Lang Syne, Where Old Acquaintances Are Not Forgotten

  |  May 29, 2015

A game table setting in ‘Lang Syne,’ the home of Tom and Linda Hopfenspriger.

Former U.S. President Thomas Jefferson dedicated his life to designing and redesigning his beloved Monticello. Of his efforts he once stated, “architecture is my delight, and putting up, and pulling down, one of my favorite amusements.” The same could almost be said of my friends Tom and Linda Hopfenspriger. Over the course of their thirty six year marriage they have, renovated, restored or built six homes. For the last six years they have invested their time in the renovation and expansion of their home, lovingly referred to as “Lang Syne.” I believe even Thomas Jefferson would be awed by their efforts. I recently sat down with Tom and Linda to discuss their lives, their home and their children, Mehren and Kurt, for the June issue of Chronogram. Naturally, I brought the talented Deborah DeGraffenreid along to photograph Tom and Linda’s home and interiors. Working with Deborah is a dream; her professionalism and eye for detail make each shoot a delight. In fact, Deborah’s photographs were so above par, and Tom and Linda’s home so appealing I thought I would share a little more of the interview with you. Consider it the extended cut.


A rare Kingston Case Clock is one of Lang Syne’s prized possessions.

In December of 2008, I had the pleasure of meeting Tom and Linda during a Holiday party hosted by Avery Smith and Mary Stephanie Corsonnes. Avery, Tom, Linda and I all share a mutual affection for 18th Century American furnishings. In our initial conversation Tom stated, “we purchase two pieces each year.” My mother – who similarly collects 18th and early 19th century furnishings – typically purchased two to three pieces each year as well. Therefore,I instantly felt a connection. Over the years through events, projects, charities, and even a wedding, Gary and I have developed a great fondness for Tom and Linda. Tom never fails to amuse, while Linda is always gracious and charming.


Lange Syne’s 1930s construction incorporated many 18th Century design elements.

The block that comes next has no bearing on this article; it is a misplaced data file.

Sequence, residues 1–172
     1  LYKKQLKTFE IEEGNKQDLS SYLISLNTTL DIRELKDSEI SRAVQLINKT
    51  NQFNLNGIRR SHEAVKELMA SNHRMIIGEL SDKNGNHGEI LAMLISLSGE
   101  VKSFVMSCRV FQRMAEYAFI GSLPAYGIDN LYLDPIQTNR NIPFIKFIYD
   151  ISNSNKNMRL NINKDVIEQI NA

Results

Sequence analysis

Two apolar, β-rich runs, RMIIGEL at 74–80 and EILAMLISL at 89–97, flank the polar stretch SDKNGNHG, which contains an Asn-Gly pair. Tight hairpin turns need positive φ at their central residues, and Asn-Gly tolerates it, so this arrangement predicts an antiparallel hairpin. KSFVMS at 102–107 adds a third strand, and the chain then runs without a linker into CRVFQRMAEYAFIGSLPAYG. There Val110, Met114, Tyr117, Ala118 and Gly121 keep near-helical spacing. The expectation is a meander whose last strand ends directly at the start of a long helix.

Have you ever gone for a Sunday drive through the country, turned onto a meandering tree lined road craning your neck to spot secluded homes or stately mansions? Or spotted a house you just adored, thinking “gosh if only that were my house?” Perhaps you may have dreamed of buying a home whose footprint was perfect for expansion. If the answer is yes to at least one of those questions the Hopfenspirger’s story of Lang Syne is a tale for you. Located in Marbletown, NY, Lange Syne is situated on thirty-six acres, tucked just off an idyllic tree lined lane. In the 1800s Lang Syne’s property included an 18th century clapboard farmhouse. By 1936 however, the farmhouse, with its applied Victorian elements, was ramshackle at best. The initial 18th century house was then torn down and replaced with a modern 1930’s styled Dutch Colonial. Several interior elements of the newly christened Lang Syne were salvaged from the 18th century structure. Charm – with a touch of the past – made Lang Syne a welcoming home for the Kenneth and Whitt Davenport family for over seventy years. Suffice it to say the Davenport’s were known as perhaps one of the Hudson Valley’s most gracious families. When the Hopfenspirger’s purchased Lang Syne, the Dutch Colonial had a square footage of 2,400 feet. Not bad for a house of the 1930s. As anyone who is a fan of Dutch Colonial architecture will know, Dutch colonials have a few common features: compact kitchens, a small powder room, a single second floor bath and a breakfast room of minute scale.


Wide beam floors and 18th Century Beams were included in the home’s design.